Accurate deconvolution of cell type–specific expression profiles enables the development and application of statistical techniques aimed at maximizing the information obtainable from a heterogeneous tissue gene expression assay. To estimate the specificity and sensitivity of statistical deconvolution to detect differentially expressed genes, we compared deconvoluted and measured differences in gene expression between tissues. Akin to fold change, all probes whose estimated abundance difference was greater than a set threshold were predicted to be differentially expressed. We compared these to a `gold standard' set of differentially expressed probes between tissues identified from the pure tissue sample measurements (Online Methods). Receiver operating characteristic (ROC) curve analysis showed the detection of differentially expressed genes by statistical deconvolution to be both highly specific and sensitive with an area under the curve of 0.85 and greater (Supplementary Fig. 4).
In real-life settings, differences are often assayed between groups of samples, each containing many cell types, and no `gold standard' gene list exists to tell true difference from noise. To test the utility of our method to address an important clinical problem in a complex tissue, we applied cell type–specific significance analysis of microarrays (csSAM) to human whole-blood gene expression array data from 24 kidney transplant recipients. Of these, 15 were experiencing acute rejection of the kidney, whereas 9 were stable after transplant. Blood cells represent a particularly complex tissue type, with over a dozen distinct cell types that can vary in frequency up to 10–20-fold between healthy individuals. In this case, data on white blood cell subsets from Coulter counter measurements was available for all individuals analyzed (Supplementary Table 3), distinguishing five major cell types: lymphocytes, monocytes, neutrophils, eosinophils and basophils.
We observed high variation in relative cell-type frequency between individuals but detected no significant differences in cell-type frequencies between the two groups (P ≥ 0.24 for all cell types). Whole-blood differential expression analysis using a previously published method, significance analysis of microarrays (SAM)11, revealed no differentially expressed genes between the two groups at a relatively permissive false discovery rate (FDR) of 0.3 and reduction in the number of multiple hypothesis tests (Fig. 3a and Supplementary Fig. 5).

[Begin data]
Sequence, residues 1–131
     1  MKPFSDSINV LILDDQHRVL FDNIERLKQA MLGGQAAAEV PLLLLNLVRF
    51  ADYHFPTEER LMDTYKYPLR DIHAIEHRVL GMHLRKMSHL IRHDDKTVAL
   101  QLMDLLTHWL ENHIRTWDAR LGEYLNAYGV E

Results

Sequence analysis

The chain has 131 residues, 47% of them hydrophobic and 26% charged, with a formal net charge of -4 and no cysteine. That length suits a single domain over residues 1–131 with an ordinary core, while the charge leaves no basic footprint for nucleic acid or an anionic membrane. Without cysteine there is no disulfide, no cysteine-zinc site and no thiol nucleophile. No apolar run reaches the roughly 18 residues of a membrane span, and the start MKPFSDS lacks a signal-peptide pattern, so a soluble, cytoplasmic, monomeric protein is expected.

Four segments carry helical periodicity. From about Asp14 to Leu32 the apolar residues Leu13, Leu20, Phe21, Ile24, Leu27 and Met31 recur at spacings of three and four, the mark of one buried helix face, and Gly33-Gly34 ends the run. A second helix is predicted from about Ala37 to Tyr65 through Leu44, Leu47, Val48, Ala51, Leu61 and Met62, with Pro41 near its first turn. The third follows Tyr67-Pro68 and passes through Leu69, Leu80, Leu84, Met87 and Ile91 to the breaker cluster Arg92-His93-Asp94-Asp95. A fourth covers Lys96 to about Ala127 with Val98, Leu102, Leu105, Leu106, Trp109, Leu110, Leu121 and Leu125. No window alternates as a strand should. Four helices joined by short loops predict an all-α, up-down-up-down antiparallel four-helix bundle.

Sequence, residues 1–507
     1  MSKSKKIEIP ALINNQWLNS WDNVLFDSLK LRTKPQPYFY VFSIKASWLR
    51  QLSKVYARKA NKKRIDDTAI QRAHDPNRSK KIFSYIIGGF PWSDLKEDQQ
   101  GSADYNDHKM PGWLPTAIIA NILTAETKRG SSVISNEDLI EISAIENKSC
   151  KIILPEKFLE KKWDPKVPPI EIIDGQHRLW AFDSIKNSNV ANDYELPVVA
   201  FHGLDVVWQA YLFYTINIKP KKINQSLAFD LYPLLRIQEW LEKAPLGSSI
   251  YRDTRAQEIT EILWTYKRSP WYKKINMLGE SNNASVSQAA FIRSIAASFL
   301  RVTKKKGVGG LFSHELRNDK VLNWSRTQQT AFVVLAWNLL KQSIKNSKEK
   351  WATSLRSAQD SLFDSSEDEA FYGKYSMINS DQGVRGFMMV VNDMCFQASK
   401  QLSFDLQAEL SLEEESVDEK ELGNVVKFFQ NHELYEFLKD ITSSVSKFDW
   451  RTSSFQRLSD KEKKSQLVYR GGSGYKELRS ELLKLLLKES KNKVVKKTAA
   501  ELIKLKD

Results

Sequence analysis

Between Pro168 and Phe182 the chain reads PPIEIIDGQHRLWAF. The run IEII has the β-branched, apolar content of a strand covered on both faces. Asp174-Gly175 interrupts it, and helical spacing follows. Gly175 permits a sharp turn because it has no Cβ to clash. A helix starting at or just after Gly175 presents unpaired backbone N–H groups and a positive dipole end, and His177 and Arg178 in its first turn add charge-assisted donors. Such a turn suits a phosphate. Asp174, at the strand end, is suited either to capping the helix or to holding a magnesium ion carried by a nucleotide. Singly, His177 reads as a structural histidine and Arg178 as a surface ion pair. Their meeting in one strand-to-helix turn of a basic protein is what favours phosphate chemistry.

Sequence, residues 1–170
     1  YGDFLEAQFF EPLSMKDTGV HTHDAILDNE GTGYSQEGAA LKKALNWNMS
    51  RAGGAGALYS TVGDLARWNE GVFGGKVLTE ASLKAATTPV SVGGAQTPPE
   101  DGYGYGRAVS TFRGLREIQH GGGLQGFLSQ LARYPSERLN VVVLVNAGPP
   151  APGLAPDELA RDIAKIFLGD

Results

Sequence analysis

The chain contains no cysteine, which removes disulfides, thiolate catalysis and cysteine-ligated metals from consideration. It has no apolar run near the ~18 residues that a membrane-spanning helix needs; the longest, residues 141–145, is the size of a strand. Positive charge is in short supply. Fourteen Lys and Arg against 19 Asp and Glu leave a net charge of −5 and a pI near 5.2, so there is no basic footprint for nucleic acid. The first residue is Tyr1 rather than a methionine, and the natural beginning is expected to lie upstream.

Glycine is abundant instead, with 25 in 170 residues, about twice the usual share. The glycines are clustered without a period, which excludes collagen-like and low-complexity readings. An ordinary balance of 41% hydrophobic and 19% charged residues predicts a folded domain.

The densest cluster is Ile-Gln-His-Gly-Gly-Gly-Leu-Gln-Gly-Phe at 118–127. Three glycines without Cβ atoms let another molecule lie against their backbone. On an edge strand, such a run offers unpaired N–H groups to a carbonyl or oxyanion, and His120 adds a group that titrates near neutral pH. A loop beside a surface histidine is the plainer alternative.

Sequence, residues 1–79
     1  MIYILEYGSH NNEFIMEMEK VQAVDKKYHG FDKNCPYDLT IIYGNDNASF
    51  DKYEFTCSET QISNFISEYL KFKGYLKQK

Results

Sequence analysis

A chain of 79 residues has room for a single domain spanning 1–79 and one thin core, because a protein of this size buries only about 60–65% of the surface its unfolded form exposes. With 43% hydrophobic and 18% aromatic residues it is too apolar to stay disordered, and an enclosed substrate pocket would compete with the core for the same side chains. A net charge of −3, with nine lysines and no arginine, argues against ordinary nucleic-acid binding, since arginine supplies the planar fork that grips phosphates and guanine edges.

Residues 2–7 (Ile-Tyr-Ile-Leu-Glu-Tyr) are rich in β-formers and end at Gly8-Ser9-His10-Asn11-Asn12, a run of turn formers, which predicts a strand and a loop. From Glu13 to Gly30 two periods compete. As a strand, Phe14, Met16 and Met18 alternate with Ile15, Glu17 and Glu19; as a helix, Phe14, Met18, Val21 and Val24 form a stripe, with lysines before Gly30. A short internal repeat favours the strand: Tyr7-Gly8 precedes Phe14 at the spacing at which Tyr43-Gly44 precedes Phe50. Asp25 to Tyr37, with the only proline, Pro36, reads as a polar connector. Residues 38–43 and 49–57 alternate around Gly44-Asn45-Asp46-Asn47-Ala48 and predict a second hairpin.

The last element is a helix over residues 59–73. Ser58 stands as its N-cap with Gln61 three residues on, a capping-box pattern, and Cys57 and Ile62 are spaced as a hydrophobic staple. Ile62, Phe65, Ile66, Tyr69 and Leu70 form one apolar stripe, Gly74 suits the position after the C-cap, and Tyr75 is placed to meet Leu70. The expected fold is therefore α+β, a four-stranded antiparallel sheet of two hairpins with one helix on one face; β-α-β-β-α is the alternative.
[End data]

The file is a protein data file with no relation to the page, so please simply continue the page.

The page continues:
Next, for each of the two groups of individuals, we deconvoluted the cell type–specific gene expression profile by linear regression analysis for each of the quantified cell types in each group of individuals. Each such cell type–specific expression profile represents the average for that cell type in that group of individuals. We used these deconvolved cell type–specific expression profiles to perform cell type–specific differential expression analysis (Online Methods). For each gene, in each cell type, we calculated the contrast in its deconvoluted expression between groups of individuals. We repeated the deconvolution and cell-type contrast procedure with permuted group-label data. To analyze differences in a gene's expression between two deconvolved cell types, we calculated FDR as the ratio of genes whose contrast exceeds a given threshold in the real dataset compared with the average number of genes exceeding the same threshold in the permuted dataset (Online Methods).
Though we detected no differentially expressed genes between the two groups in whole-blood analyses, sample heterogeneity may have masked biological differences. Applying the csSAM procedure to the kidney transplant dataset for each of the five quantified cell types, we identified 318 differentially expressed genes in monocytes at an FDR of 0.15 (Fig. 3b). We identified no genes as differentially expressed even at an FDR of 0.3 in any of the other cell types (Fig. 3c–e). However, repeated analysis by considering the one-tailed tests of up- and downregulated genes separately, identified differentially expressed genes between lymphocytes and neutrophils of these two groups of individuals as well as 137 genes upregulated in monocytes in samples from individuals experiencing acute kidney rejection at an FDR of 0.05 (Supplementary Fig. 6).